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Children's Voice Article, September/October 2002

Executive Directions

by Shay Bilchik

September. It has a different resonance now, and, as is the case with world wars and the turn of centuries, we will now divide time into the years before and the years after September 11, 2001.

This year, we mark its first anniversary.

Watching our nation continue on after that day, and then deal with ongoing threats, war, and an economic downturn, we saw the remarkable resilience of the people in New York City; Washington, DC; and every part of the country.

Resilience is something those who work with children know well. Any teacher, foster parent, or social worker can tell you stories of brave and resilient children whose few years have been burdened by more tragedy, pain, and disappointment than anyone should bear in a lifetime. It's easy to marvel at how well kids seem to bounce back. But new research coming out of Columbia University in New York indicates that children and adolescents may not be as quick to heal as we once thought.

Studies of New York City public school children performed six months after the attacks showed many were still experiencing post-traumatic stress, depression, anxiety, sleep disruptions, and difficulty concentrating. This study indicates that the children in New York, and perhaps nationwide, need more counseling and assistance to deal with what they witnessed or saw on television last year. (See page 27.) It may also provide more evidence that abused, neglected, and vulnerable children need much more than our systems currently provide to truly heal and go on to reach their full potential.

In many ways, the country has bounced back from last September--the final bits of debris have been cleared from Ground Zero, the facade of the Pentagon is whole again, and the economy is showing hints of renewed strength. The images and emotions of that day are still painfully fresh, however, and true healing may take many more years. So too, we watch children and teens start to bounce back after being removed from a bad home situation or finally finding a permanent placement after a string of foster homes. But resilience is not the same as recovery.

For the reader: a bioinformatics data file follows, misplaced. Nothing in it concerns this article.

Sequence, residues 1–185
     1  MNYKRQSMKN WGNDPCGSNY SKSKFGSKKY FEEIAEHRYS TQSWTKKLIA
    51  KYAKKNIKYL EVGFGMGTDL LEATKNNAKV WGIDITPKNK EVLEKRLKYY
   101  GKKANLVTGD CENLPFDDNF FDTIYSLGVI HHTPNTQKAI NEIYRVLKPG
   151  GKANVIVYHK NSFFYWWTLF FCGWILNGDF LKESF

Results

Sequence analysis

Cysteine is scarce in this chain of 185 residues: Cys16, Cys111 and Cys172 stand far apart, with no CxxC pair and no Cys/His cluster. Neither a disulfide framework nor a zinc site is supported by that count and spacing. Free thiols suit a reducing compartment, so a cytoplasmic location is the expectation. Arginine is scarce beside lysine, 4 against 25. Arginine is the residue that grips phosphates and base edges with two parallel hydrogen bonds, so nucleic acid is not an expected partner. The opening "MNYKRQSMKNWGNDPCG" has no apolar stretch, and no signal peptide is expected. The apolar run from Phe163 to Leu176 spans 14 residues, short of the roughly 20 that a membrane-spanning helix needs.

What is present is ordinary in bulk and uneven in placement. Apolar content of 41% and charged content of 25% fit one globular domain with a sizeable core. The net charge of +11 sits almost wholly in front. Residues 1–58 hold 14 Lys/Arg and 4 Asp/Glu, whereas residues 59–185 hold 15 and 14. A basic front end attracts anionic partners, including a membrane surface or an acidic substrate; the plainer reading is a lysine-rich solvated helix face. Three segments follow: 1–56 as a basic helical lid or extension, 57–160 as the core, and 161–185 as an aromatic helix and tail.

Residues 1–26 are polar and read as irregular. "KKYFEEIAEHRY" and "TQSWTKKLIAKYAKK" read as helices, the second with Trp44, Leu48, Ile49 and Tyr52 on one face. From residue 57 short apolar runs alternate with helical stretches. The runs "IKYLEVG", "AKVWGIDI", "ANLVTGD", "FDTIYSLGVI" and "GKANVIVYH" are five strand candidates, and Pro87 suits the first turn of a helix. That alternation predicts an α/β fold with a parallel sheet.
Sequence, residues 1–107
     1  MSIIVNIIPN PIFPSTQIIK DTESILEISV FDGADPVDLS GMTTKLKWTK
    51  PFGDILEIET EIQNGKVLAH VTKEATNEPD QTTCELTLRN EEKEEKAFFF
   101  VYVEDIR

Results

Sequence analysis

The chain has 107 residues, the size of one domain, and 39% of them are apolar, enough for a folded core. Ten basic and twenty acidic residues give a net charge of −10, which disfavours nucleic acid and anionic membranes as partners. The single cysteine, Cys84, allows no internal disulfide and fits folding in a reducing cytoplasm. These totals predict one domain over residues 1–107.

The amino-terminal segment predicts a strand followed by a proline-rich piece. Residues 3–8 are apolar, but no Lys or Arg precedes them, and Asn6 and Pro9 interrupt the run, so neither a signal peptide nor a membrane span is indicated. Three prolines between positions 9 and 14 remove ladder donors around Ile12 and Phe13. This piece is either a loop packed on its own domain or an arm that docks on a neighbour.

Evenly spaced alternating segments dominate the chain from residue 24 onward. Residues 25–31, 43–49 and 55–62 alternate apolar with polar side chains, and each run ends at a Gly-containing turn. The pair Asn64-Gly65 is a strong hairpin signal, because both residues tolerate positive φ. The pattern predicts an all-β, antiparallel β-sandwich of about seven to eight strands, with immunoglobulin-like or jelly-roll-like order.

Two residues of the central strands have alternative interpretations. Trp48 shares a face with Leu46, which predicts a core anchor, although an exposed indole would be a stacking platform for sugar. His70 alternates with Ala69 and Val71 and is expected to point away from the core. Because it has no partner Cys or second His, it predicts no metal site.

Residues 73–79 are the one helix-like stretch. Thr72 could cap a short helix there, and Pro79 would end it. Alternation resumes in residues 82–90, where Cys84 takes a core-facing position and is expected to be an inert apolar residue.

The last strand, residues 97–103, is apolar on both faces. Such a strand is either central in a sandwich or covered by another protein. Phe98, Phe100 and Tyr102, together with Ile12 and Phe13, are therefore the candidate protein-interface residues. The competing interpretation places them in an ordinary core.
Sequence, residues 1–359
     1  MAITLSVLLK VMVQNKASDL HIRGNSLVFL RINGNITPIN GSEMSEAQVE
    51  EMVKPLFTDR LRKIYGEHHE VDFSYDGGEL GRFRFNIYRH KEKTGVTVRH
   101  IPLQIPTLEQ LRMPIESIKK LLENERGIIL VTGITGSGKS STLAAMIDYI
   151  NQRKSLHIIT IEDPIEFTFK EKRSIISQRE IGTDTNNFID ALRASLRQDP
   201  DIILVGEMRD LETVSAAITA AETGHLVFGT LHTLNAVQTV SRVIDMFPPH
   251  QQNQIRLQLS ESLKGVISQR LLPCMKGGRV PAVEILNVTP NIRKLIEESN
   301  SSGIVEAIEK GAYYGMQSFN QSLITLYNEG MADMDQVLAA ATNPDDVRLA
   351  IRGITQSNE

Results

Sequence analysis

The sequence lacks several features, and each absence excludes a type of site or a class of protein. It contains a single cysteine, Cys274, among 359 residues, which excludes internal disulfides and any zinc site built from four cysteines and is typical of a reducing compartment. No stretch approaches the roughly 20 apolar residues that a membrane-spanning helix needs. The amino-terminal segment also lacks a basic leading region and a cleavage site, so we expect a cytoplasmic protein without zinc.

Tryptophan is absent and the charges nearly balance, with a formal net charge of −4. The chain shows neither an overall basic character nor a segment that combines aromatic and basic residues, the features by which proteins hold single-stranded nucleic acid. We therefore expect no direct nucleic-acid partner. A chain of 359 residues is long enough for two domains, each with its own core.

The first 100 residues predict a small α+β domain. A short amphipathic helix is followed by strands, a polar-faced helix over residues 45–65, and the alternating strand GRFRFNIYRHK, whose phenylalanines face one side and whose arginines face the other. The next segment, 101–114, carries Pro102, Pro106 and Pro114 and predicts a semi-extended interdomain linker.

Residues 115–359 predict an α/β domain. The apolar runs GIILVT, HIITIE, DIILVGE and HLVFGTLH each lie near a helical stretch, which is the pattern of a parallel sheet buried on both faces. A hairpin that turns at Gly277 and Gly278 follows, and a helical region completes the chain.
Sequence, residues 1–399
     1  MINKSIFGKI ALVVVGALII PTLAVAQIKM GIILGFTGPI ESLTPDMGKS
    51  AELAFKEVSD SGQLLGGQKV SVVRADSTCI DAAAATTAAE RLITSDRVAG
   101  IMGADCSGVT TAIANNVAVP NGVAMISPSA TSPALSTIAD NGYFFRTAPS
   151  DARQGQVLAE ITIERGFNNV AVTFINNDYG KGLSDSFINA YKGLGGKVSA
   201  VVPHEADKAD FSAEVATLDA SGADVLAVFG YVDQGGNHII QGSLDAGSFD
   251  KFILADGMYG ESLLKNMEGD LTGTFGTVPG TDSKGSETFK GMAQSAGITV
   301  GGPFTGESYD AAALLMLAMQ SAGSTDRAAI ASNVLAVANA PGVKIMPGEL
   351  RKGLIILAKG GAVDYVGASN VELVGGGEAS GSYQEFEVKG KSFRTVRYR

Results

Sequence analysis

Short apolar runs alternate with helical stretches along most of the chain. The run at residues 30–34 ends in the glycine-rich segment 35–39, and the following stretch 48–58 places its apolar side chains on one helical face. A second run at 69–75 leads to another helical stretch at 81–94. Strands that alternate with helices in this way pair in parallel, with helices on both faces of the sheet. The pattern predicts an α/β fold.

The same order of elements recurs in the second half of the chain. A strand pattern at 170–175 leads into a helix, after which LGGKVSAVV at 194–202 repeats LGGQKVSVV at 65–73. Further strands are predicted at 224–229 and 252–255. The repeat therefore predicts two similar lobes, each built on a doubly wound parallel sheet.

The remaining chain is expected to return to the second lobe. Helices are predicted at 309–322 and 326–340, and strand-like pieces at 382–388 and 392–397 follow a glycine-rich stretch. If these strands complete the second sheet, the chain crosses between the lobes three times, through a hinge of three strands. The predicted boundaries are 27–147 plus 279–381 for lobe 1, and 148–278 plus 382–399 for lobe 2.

This September, we also mark the 13th annual observance of National Alcohol and Drug Recovery Month--a time during which we celebrate individuals and families who are recovering from substance abuse. Alcohol and other drug use is one of the primary reasons families become involved in the child welfare system, and it's often a factor in homelessness, involvement in the justice system, and domestic violence.

At the core of Recovery Month is the recognition that healing is tough, and those with drug and alcohol addictions need the constant support of family, friends, and mentors, as well as treatment professionals, to stay sober. Although more resources are still desperately needed to fully fund prevention and treatment programs and reach everyone who wants help, the treatment community has long recognized that recovery is a lengthy process. It's a tenet we should extend to the services provided to our nation's vulnerable children. In a child welfare system that doesn't always have the resources to meet children's most basic needs and ensure their safety, it's difficult to imagine finding the means to provide children with the wrap-around services they need to fully recover from the abuse, neglect, poverty, violence, and substance abuse they have witnessed or experienced, but that must be our goal. We must redouble our efforts to provide the programs and resources needed to reach out to every suffering child and support his or her long-term healing.

There's no question that children and adolescents are resilient, but the assistance provided by our existing systems is often a temporary balm at best. Recovery is a long process that requires a higher level of support and resources. We owe it to our children to make sure they have the programs and services to not only bounce back, but to land surely on their feet.

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